4. Lemon balm tea. This tea copes perfectly with irritability, loss of energy, “weakness”, fatigue, insomnia and depression.
A 2014 study  found that lemon balm does improve mood and/or cognitive performance.
But keep in mind: do not drink too much tea with lemon balm, because it helps to significantly lower blood pressure.
5. Peppermint tea. It will help you relax, calm your nerves, fight stress, relieve tension and even get rid of pain, both physical and mental. According to experts, the relaxing and soothing effects of mint tea are due to menthol, which is found in mint. Peppermint tea is my personal favorite to drink crawled up in bed before sleep. I also like adding some dried lavender for extra calming flavor.
6. Ginger tea. Increases the body’s resistance to stress, thanks to the content of vitamins C, B1, B2 and A and other microelements. Ginger tea enhances immunity and protects the body from viruses and colds.
7. Pine needle tea. According to experts, long-term use of this drink helps to prolong life, and also helps to always remain active. Pine needle tea is a “vitamin bomb” – it contains vitamins A, C, E and group B, amino acids, essential oil, calcium and more than 40 microelements.
Depending on the age of pine needles, the intensity and bitterness of the tea will vary. However, the older the needles the more vitamin C they contain. But if you prefer a milder, smooth taste, opt for younger needles which are lighter in color. Due to the high vitamin C content, pine needle tea is especially beneficial to fight the viruses in wintertime.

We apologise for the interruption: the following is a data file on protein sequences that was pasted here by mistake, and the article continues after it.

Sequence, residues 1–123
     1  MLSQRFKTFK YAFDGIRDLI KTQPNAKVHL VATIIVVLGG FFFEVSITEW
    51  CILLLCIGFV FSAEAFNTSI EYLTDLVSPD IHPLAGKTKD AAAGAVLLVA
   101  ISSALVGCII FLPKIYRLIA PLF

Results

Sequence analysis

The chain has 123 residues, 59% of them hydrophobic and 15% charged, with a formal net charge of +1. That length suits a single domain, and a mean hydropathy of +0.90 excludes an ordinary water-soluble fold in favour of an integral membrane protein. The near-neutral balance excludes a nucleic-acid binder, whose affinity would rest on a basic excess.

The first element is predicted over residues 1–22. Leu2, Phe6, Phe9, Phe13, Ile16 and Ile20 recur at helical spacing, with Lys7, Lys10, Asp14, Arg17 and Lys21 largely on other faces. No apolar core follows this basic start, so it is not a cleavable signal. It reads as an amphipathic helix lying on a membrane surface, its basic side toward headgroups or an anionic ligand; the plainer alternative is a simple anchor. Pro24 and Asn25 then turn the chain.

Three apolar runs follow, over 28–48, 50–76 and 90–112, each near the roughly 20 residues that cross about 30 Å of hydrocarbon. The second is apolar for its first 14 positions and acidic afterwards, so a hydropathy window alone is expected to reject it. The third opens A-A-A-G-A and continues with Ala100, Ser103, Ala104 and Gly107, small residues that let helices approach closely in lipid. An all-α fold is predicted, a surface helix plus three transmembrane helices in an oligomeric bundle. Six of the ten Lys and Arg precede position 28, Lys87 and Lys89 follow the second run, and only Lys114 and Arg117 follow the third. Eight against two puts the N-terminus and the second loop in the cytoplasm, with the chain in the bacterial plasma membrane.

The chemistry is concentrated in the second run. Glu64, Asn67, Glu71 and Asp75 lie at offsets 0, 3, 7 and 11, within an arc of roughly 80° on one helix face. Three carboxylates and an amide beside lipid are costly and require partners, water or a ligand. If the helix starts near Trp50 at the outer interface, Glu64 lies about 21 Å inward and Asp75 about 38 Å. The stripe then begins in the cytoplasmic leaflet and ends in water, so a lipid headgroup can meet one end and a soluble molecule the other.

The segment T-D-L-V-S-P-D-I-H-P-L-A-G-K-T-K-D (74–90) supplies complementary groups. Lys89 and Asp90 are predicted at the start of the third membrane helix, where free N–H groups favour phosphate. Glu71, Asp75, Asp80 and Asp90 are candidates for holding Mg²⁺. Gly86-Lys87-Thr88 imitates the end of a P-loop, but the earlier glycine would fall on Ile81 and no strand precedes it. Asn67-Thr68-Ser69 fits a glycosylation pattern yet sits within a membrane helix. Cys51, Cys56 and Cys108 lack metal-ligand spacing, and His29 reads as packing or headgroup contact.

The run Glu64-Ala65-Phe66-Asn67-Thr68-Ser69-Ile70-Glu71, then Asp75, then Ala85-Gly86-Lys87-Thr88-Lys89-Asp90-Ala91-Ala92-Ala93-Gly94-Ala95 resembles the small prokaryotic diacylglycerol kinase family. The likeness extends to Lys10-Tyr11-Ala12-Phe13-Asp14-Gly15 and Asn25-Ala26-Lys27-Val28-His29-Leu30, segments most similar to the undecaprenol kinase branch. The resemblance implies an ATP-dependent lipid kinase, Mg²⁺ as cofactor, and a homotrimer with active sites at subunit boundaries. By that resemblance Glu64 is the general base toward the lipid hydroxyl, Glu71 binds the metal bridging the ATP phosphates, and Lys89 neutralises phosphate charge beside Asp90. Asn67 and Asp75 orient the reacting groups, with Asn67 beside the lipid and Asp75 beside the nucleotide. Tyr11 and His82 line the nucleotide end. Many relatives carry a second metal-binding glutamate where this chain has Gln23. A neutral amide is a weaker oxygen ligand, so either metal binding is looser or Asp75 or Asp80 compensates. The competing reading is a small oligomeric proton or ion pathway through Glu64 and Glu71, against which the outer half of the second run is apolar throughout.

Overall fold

8. Rooibos. What are the benefits of rooibos tea? This herbal tea slows down the aging process of the skin, strengthens the immune system, normalizes blood pressure and cholesterol levels. Rooibos tea contains high levels of vitamin C, copper and fluoride.
 Mao, Jun & Xie, Sharon & Keefe, Jack & Soeller, Irene & Li, Qing & Amsterdam, Jay. (2016). Long-term Chamomile (Matricaria chamomilla L.) treatment for generalized anxiety disorder: A randomized clinical trial. Phytomedicine. 23. 10.1016/j.phymed.2016.10.012
 Scholey, A., Gibbs, A., Neale, C., Perry, N., Ossoukhova, A., Bilog, V., Kras, M., Scholz, C., Sass, M., & Buchwald-Werner, S. (2014). Anti-stress effects of lemon balm-containing foods. Nutrients, 6(11), 4805–4821. https://doi.org/10.3390/nu6114805